Target Corp.'s second-quarter profit fell 6.3 percent, but it beat Wall Street forecasts, and executives credited the higher profit to a focus on controlling expenses and declining crude oil prices, which lowered transportation costs.
Company officials said during a conference call with investors Tuesday that early signs for the back-to-school season are encouraging and Target should meet its forecast for annual earnings per share of $2.97.
But consumers remain cautious, focusing on necessities like food, instead of nonessentials like apparel and home furnishings, said President, Chairman and CEO Gregg Steinhafel.
"Discretionary categories remain a challenge," Steinhafel said.
The Minneapolis-based discounter's shares rose 8 percent, or $3.14, to $44.35 by midday.
Discounters, particularly Wal-Mart Stores Inc., have benefited from consumers switching to cheaper stores and focusing on necessities. But at Target, where more than 40 percent of revenue comes from nonessentials like funky jeans and bedspreads, the cheap-chic formula that once was its strength has became a drag as shoppers focus on basics. That has forced the discounter to further expand into the food business as a way to drive shoppers into the store more frequently.
Target has been also reducing staff, tightening consumer credit card underwriting, and paring down inventory.
Such expense controls helped Target earn $594 million, or 79 cents per share, in the three months that ended Aug. 1, compared with $634 million, or 82 cents per share, a year earlier. Its revenue fell 2.6 percent to $15.07 billion from $15.47 billion a year earlier.
Analysts surveyed by Thomson Reuters projected a profit of 66 cents per share on revenue of $15.1 million for the second quarter. They see annual earnings of $2.87 per share.
"Second-quarter earnings were stronger than expected due to very strong operating margin in our retail segment and credit card segment performance in line with expectations," Steinhafel said in a statement.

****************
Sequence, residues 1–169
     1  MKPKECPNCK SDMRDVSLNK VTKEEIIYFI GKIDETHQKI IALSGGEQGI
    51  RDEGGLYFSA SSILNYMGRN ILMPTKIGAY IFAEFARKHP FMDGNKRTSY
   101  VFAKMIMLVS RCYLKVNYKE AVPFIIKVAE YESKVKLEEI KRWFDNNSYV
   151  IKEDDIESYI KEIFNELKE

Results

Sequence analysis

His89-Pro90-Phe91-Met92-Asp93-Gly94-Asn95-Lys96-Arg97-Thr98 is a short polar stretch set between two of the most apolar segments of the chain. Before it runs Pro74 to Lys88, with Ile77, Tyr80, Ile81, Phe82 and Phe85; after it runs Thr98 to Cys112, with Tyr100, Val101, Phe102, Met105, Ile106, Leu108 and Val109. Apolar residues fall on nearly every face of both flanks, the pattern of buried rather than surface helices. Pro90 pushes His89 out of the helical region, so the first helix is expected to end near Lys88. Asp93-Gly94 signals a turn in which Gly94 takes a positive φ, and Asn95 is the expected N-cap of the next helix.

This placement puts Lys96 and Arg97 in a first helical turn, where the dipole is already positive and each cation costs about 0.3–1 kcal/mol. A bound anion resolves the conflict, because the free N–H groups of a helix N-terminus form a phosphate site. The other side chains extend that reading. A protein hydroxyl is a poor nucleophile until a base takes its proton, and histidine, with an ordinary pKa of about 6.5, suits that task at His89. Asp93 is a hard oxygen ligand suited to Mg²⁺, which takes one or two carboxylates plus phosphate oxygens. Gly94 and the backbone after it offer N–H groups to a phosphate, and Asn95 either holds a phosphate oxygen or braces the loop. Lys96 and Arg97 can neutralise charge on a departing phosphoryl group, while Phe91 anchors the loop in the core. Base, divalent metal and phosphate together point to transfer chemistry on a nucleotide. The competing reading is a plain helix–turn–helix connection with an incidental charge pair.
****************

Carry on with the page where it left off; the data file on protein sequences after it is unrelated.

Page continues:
Steinhafel added that Target is focused on several initiatives to drive customer traffic. The discounter has expanded its "low-price" promise in advertising in all stores, matching competitors' local advertised prices on identical items. It also relaunched its store-label Target Brand as Up & Up; it spans 40 categories like health and beauty, and company officials said it is meeting a good initial response.
Target, which began testing a new food format at its stores late last year that offers prepackaged perishable food, reiterated that it plans to expand the concept to 100 new and remodeled stores by year-end. It's now in more than 40.
Shoppers' fixation on essentials like food, which carry thinner profit margins, has put pressure on overall profits.
Company officials also told investors its best customers are coming to Target less often and weekend trips have fallen more than weekday trips. That suggests that shoppers are focusing still more on necessities, according to Kathy Tesija, executive vice president of merchandising.
Profit in Target's credit card business dropped to $63 million for the quarter from $74 million a year earlier, but net write-offs in the unit were $304 million, in line with company expectations for the quarter.
Target sold 47 percent of its credit card receivables to JPMorgan Chase in May 2008.